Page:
Our 2003 Buick Century was never what I would call a beautiful car. Dark blue, almost purple in fact, with enough dents to make it look like part of the design scheme, “bumpy style” I called it, it wouldn’t win a ribbon in a car show. It probably wouldn’t even be allowed in a car show. The taped over shattered back light with the peeling tape probably wouldn’t help either. After 5 years together though, we were quite attached to Herbie, as we called him, after THE Herbie which for some reason we felt was appropriate – something about the Century just hearkens back to that original Volkswagen Beetle, and parting from him was somehow sad. Not that we would miss the loud grinding noise from the gears when putting him in reverse, or the stuffed vacuum cleaner – reverse jet engine like crescendo that rose from the car if you dared push on the gas pedal, we would not miss that at all. We will miss Herbie though, as our first car, he has a lot of memories in him, encrusted on the carpeting in the form of cheerios from that family trip we took to Detroit, as a sticky fruit punch stain on the back of the drivers seat from that great Philadelphia vacation, and as a pervasive odor of sickly sweet apples from that rear-view mirror deodorizer that we got in Washington DC. Come to think of it maybe I’m better off without those ‘memories’ infecting my life and my nasal passages.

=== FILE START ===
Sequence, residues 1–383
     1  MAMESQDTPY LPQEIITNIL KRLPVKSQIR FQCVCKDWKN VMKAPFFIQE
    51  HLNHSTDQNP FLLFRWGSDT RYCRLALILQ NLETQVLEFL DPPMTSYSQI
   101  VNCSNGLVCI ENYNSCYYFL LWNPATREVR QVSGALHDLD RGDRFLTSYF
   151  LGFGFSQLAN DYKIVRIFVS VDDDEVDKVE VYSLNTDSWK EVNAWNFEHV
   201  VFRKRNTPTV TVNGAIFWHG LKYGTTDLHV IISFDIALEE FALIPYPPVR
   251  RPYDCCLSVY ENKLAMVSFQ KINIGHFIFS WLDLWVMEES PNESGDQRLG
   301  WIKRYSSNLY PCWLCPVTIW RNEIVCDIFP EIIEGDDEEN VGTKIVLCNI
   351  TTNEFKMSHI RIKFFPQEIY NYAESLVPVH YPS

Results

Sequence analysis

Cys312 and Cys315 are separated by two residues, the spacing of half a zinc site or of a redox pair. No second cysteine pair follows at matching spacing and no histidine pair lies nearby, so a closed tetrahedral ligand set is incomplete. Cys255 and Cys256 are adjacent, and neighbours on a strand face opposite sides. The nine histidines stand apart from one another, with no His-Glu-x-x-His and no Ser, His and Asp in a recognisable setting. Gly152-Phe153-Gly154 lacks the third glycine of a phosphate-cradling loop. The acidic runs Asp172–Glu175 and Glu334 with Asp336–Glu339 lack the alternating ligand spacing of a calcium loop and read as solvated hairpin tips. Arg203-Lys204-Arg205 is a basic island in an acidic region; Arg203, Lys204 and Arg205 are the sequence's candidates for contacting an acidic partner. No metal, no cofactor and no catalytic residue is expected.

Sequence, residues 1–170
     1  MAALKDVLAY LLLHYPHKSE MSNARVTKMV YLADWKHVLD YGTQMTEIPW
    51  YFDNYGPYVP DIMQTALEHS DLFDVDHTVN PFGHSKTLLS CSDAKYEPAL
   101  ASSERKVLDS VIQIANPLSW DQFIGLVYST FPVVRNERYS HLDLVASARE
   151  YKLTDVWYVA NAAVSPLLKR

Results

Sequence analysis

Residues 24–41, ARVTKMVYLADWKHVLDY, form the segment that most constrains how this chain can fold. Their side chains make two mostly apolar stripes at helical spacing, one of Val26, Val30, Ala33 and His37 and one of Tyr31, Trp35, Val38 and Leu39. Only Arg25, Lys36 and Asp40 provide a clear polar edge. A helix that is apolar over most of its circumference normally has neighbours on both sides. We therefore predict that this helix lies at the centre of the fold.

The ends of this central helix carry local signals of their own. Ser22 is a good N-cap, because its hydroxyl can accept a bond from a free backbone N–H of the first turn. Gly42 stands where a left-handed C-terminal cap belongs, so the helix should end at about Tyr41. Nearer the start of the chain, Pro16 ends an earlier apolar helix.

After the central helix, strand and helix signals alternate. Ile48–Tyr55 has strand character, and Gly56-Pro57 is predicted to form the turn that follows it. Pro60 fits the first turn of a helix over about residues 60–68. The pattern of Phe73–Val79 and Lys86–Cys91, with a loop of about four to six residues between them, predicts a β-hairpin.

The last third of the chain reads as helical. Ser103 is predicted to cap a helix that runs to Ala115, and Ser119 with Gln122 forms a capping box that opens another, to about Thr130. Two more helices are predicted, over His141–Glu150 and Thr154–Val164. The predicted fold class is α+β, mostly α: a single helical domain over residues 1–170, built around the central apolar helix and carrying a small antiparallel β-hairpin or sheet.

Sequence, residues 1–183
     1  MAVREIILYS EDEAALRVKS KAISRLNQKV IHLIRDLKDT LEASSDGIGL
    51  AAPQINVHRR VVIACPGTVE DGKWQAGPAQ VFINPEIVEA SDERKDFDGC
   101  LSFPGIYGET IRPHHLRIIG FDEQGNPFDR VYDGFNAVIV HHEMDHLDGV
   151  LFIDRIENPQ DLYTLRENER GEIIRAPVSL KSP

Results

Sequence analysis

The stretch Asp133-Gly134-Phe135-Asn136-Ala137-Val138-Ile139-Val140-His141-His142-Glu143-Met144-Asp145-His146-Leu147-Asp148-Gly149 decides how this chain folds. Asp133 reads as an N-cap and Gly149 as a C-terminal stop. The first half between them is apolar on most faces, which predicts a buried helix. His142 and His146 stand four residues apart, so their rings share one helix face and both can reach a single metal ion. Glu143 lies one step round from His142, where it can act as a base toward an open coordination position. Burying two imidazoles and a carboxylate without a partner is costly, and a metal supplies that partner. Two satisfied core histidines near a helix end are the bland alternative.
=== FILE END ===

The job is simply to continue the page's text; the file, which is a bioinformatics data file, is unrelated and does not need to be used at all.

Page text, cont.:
Herbie has had quite a number of physical ailments recently. First his back light got smashed as I mentioned above. Smashed by a kid on a bike, rode right into the back, how embarrassing is that? He will be sitting in a junkyard somewhere and the tough ’89 LeSabre across the way will ask him where he got that nasty wound, and instead of grunting “nam, 57th airborne”, he’ll mutter “kid, on a bike, long story”. Ah, the difficult social conundrums of junkyard life. Then he’s had chronic issues with his catalytic converter, a part I didn’t know existed until I saw the bill for the replacement part. Ouch. Then the mechanic tells me that my car is ruining catalytic converters so it’s not his fault that it died again. Ha! Mechanics can get away with telling me anything. And of course there is the oil leak, transmission fluid leak, and a crack somewhere in the mysterious part of the car called by insiders “the shocks”.
Then there was the odometer episode. The odometer died. It had been kind enough to last until 100,000 miles, so I could snap a picture of the momentous occasion while cruising down the eighty (not recommended), but now it was dead. Kaput. No big deal, right? Wrong. I needed to pass inspection, I needed an odometer. So I bought a used one. That came with an extra 50,000 miles built in over the approximately 105 K that had been on the original. I guess it only would have been a big deal if I had resold the car, now that I opted for car donation, no harm done, huh?
In the end it was the oil leak that did him in. Too much to repair it, just not worth it. I could have sold him for junk or for parts, but I decided on car donation. Here’s why. I did a quick Google search for “junk car cash [my city]”, try it on your city, the results were truly scary. It was either some toothless vagabond in a beat up pickup truck with the metal tied down on top with some large rubber bands, or Vinny, yeah, that Vinny. Seriously, it was like a bunch of used car dealers got thrown out of the used car dealership business for being too sleazy and opened up scrap metal businesses. Like sleazy to the 10th power. So I donated my car, got free towing, quick and easy, and a tax deduction for the car donation. Plus I know that Herbie will now be responsible for bringing happy memories into the lives of others. And not the stick fruit punch stain kind.